Developers are aware of this, and each provide a variety of solutions to deal with it. Lightroom concentrates the majority of adjustment sliders in one Develop panel, whereas Capture One has not only customizable inspectors but detachable tools as well, allowing you to concentrate on the tools you use the most. And let’s not forget that some of more-upmarket Wacom tablets can be programmed to access certain tools, though they’re limited to just a handful.
How much does it cost?
Priced at around $179/£159 now, the original Loupedeck was designed expressly for Lightroom Classic, but after receiving some mixed reviews regarding build and lack of customization, it’s now being quickly succeeded by the new Loupedeck+. This new model costs around $230 which adds support for Aurora HDR 2018 (from Skylum) and Capture One, albeit only in beta.
Check availability and prices:
How well does it work?
On first inspection, the new model looks quite well made though some of the keys and dials feel perhaps somewhat lightweight for every-day professional use. But then it’s not overly expensive, should you need to replace it. Nevertheless, the Loupedeck+ weight, size and shape, which is more or less like a regular keyboard, means it will likely fit a messenger style pack or small day-pack if humping around with a MacBook Pro. What’s more it doesn’t take up a lot of desk space. A single, permanently attached and quite long USB cable is all that’s needed — there’s no additional power requirements.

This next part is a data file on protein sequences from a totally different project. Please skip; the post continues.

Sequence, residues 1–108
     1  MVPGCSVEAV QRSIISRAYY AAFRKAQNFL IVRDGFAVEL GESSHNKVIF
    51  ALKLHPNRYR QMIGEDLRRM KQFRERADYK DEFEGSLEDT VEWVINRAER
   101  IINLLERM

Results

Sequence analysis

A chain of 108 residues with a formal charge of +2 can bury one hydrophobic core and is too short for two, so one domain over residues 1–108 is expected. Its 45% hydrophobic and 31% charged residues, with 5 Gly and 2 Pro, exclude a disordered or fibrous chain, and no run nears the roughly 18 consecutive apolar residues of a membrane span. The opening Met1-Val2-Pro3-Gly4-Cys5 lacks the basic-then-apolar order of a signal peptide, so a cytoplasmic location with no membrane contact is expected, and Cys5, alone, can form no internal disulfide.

Capture One Pro support
After trying out the high-end and superbly made (but studio-oriented and pricey) Tangent Element panels, I was initially intrigued by the compatibility with Capture One Pro (trial link), though to be clear the support is only in beta and it works only with Capture One Pro 11/12 using the application’s keyboard shortcuts. For it to work at all, you must select Loupedeck_beta option in Capture One’s Edit Keyboard Shortcuts dialog. Despite the limitations this has without using Capture One’s underlying support (like it has for the Tangent panels), the Loupedeck + works pretty well. The main concern is that the panel’s layout is more Lightroom centric, particularly with regard to the some of the more specialized controls such as HSL buttons and nine wheels/buttons.
Capture One, for example, can use three of those wheels to adjust the Color Balance tool which, although it is really quite something, as you can switch between highlights, shadows and mid-tones using the HSL buttons, it isn’t really making full-use of the app’s or panel’s potential. It can’t access Capture One’s Color Editor tool at all, for example, and several of the panel’s controls don’t currently work with anything. These include the remaining six aforementioned color wheels, of course, as well as Custom Mode, Color/B&W conversion button and Before/After button.